Monday, December 3, 2012

Bondi to Bronte Ocean Swim - A real ocean swim

One of the great things about living in Sydney is that there is no shortage of beaches and ocean to swim in if you are so inclined.  The swimming culture here is alive and well with surf lifesaving, surfing and other ocean sports high on the list of many locals' weekend pursuits.  The only downside is the wildlife and it is the nagging concern about unwittingly becoming shark bait that prevents many, including myself, from enjoying the ocean as much as we'd like.

There is one way around it, however, and that is via the multitude of ocean swim events around the region every year.  Earlier this year I did the Cole Classic, out at Manly, and this weekend I ticked another one off the list - the Bondi to Bronte Ocean Swim.  Another iconic event in the Sydney ocean swim calendar.

I had suggested doing the swim with a couple of local friends and work colleagues and each one of them reacted as if I was suggesting we swim the English Channel together.  Sharks, the distance and getting out of the surf break at Bondi seemed to be insurmountable barriers to entry but were all things I hadn't considered as real obstacles.  OK, sharks maybe, but for me that's the whole point of doing an organised event - there's heaps of people around you and, more importantly, plenty of life guards keeping a look out for unwelcome company in the water.

But while I entered with gusto and felt sure I could handle the event, it didn't stop the old butterflies returning - we were out at Bondi the week before with friends and I happened to point out to Sandra and Katarina the route of the swim I'd be doing.  "It's basically just out around that headland and then back into the next bay".  Next thing I know my brain's doing double time - that headland looks like a looong way out.  Bugger.  Stop thinking about it.  There will be buoys ("cans") out there on race day and then I'll be able to get into the normal routine - just get to the next can. 


So Sunday arrived.  Saturday had been stinking hot, muggy, a real pearler.  Race day comes along and it's grey and blah. The temperature, though, isn't too bad.

I wasn't stressing too much - although remembering on the train platform that you've forgotten your swim goggles isn't the most relaxing activity.  A quick sprint home to retrieve them was in order and probably got rid of some excess nerves in the process...

The Bondi to Bronte facebook update that morning reported a 1.5m swell and water temperature of 19.5 degrees, meaning wetsuits were allowed.  We get off the bus at Bondi and I'm trying to remain chilled out and it's blowing.  No nice calm summer's day.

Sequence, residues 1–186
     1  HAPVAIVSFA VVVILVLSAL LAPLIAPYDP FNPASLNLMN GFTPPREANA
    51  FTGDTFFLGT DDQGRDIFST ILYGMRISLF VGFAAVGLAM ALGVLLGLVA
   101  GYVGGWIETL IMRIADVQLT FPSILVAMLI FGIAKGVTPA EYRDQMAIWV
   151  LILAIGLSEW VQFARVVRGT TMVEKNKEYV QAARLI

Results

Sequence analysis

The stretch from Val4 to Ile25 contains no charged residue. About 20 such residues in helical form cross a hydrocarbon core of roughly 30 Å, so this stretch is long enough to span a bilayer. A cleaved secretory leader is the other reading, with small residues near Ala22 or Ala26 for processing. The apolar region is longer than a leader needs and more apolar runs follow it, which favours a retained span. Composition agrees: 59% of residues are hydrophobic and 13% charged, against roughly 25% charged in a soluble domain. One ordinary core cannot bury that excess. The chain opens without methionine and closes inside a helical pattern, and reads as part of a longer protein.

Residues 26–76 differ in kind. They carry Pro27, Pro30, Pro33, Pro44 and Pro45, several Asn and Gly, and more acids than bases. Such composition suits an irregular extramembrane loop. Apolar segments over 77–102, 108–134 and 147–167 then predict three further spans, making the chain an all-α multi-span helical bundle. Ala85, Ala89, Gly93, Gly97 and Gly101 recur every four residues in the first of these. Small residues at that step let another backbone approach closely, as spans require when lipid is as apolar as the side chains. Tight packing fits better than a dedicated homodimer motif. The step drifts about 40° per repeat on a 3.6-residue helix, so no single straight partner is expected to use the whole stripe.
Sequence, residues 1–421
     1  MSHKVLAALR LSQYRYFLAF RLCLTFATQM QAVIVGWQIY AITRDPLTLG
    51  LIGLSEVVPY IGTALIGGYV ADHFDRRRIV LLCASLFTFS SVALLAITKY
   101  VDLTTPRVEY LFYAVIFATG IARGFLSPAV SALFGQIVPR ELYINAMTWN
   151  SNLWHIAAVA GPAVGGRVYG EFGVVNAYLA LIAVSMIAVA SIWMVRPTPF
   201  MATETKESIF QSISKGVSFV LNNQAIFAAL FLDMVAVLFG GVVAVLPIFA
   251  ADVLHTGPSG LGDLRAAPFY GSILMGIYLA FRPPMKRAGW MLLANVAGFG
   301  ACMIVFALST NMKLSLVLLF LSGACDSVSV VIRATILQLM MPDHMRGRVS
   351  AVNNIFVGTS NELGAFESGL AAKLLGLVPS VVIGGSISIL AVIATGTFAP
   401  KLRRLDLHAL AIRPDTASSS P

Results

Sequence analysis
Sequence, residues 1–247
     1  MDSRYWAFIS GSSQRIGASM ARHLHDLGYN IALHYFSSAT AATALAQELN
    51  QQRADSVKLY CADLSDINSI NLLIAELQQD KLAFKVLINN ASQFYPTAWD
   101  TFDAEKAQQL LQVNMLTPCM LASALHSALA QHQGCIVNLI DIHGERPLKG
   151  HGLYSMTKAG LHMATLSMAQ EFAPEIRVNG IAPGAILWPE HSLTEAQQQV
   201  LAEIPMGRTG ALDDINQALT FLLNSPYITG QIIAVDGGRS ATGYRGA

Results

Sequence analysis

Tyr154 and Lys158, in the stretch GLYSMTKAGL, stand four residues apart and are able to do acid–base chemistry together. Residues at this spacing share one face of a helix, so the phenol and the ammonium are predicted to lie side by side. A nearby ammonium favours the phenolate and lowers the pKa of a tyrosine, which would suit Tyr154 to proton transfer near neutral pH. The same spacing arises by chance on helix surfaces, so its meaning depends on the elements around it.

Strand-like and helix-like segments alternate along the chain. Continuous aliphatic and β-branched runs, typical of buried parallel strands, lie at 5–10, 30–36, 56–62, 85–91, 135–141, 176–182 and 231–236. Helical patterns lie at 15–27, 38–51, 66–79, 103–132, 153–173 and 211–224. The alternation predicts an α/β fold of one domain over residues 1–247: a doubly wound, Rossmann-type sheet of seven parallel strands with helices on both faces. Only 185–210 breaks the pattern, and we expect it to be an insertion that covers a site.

Immediate thought - at what point to do they decide it's too rough to swim?  By the look of activities down at the registration tents and beach, this didn't warrant giving us the morning off.


Nothing to do but get registered and sausage my way into the wetsuit. The ocean swimming purists would have no doubt scoffed at my attire but for the first time this year the organisers were allowing wetsuits as an option for all age group categories when the water and air temperatures met certain criteria.  It was their way of encouraging greater participation in the event and great for us triathletes who should really be swimming in our wetsuits at any open water swim opportunity.  Thankfully I wasn't the only one.  Around 25% of us were similarly attired, so I was far from being odd one out.

Next thing was to figure out the best starting postion along the beach.  I had been reading about using the rip to carry you out and it looked like the start of the course had been lined up beside the rip (a smoother patch of water amongst the surf).

Finally I couldn't put it off any longer and so said goodbye to St Pete and headed into the coralling area for our wave start.  We were sent off in age group waves, and for some reason my age group was the last wave to be set off.  The oldest age group had been sent off first, behind the elites.

Great, so I've got the joy of being the last one to finish to look forward to.

Race briefing went something like this:
  • There are 10 cans along the course. 
  • Life guards are there to help, don't hesitate to raise your hand if you need any assistance. 
  • Out around the point it's rough (no kidding!). 
  • If you can you might want to breathe just on your right side for that section. 
  • Once you get past the 5th can you turn and you'll see a big pink flag on the headland, to the right of Waverley Cemetery. 
  • Sight off the big pink flag and then you'll see the surf lifesaving club at Bronte Beach. 
  • If you go past Waverley Cemetery you've gone too far!
  • Don't swim towards the lifesaving club - there's a hole in front of it. 
  • You need to swim past the lifesaving club and then come back to the finish line just after it.